We drove along the arch of Italy’s sole, stopping at a beach for a leisurely stroll while Craig attempted to save giant jellyfish that had been washed up. Then we headed inland and took a wonderful road through the countryside. Fields were being seeded with grass and varied from freshly churned mud to fluorescent green pastures. The fields were separated by dry stone walling, it reminded me of the Yorkshire dales but without the hills.
We were driving to Alberobello to see the famous trullo houses, but happened to come across a lot of them along the rural road.
Trullo houses are typically white circular buildings with high conical roofs made from layered slate. Sometimes a white image is painted on the roof; some say it’s the signature of the stone mason. No one really knows why their designed the way they are, as they aren’t very practical shapes, but I read it could be from high housing tax in the past, so if an inspector came along they could quickly dismantle their home.
There are roughly 1500 trulli in Alberobello, which is rare for so many to of survived in an urban area. There were rows of them leading up and down streets and through alleys. I preferred the ones in the countryside though as we managed to walk inside some disused ones and see how spacious they were, how high they rose and how annoying they would be to fit furniture in. Put it this way, you wouldn’t buy a modern day flat screen TV for a trullo house.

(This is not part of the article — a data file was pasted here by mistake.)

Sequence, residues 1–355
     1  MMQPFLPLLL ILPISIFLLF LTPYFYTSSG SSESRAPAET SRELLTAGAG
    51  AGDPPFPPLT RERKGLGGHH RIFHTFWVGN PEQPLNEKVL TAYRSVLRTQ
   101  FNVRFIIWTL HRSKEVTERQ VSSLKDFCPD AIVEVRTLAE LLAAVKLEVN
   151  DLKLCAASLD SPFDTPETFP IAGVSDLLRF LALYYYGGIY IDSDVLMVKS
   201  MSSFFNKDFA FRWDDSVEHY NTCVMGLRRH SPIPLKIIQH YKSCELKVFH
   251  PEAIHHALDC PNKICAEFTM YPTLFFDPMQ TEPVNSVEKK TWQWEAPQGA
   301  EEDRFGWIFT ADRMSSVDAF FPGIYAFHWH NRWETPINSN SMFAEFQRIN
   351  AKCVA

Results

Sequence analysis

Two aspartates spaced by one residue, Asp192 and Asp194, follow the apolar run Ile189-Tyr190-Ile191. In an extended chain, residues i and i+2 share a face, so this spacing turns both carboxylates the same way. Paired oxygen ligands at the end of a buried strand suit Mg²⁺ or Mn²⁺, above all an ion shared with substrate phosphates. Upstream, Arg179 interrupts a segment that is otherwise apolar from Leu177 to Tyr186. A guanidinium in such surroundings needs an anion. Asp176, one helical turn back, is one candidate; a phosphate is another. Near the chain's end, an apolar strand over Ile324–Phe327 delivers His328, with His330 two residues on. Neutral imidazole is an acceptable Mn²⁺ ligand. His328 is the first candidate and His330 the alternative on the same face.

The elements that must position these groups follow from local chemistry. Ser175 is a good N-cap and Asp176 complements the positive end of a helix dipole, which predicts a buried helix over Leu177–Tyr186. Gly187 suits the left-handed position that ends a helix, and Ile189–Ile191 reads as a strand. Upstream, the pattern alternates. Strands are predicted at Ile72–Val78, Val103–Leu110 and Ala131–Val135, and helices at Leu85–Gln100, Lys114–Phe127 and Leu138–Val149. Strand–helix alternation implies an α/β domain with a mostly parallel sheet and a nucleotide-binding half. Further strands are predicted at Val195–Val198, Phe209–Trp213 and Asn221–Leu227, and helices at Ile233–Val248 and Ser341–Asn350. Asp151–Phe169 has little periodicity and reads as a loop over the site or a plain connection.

After a while of wondering we’d seen enough, they were nice but it was all a bit repetitive and we got a bit bored so treated ourselves to our first Italian pizza. What a let down. I know we weren’t in Naples, the ‘home’ of the pizza, but we were in Italy, the country of the pizza! It lacked flavour, it was rather dry and didn’t even come with a pretty olive or basil leaf on top. Never mind I thought, I’ll finish off with a tiramisu. Well, that was also crap, the booze and coffee were too weak and the cream was over whipped. Dear oh dear Italy! Craig and I met while working at pizza express; pizza is my biggest weakness, we rarely eat out but when we do I have my eyes set on one thing, and it ain’t Craig. The pizzas we ate in Latvia and Romania were better than the one we ate here. Everyone’s going to say we ate at the wrong place, but it was busy, and with Italians too.
All that was left for us to do in Italy was drive back through Bari and buy our ferry ticket to Croatia. Craig illegally parked while I walked a few blocks to the office, dodging dog poos again. I walked behind an Italian man who just left a bakery. His receipt ‘fell’ out of his hand and stuck onto my leg. Maybe it was an accident. Next block his patisserie wrapper ‘falls’ onto the pavement too. What a dick, what makes people think they can do that? And so many Italians do it because it’s covered in trash everywhere. I really wanted to say something to him, but then an old man walked past me with a beautiful dog and a bag of dog poo! Hallelujah! I wanted to hug him. One person just isn’t enough though, and even though we had a really enjoyable time in Italy, and saw some incredible sunsets, I’m glad to be leaving.
Italy, you have a second chance when we arrive in your beautiful mountainous region of the north in a few weeks. Let’s hope its more influenced by your wonderful Austrian neighbours. We’ll see.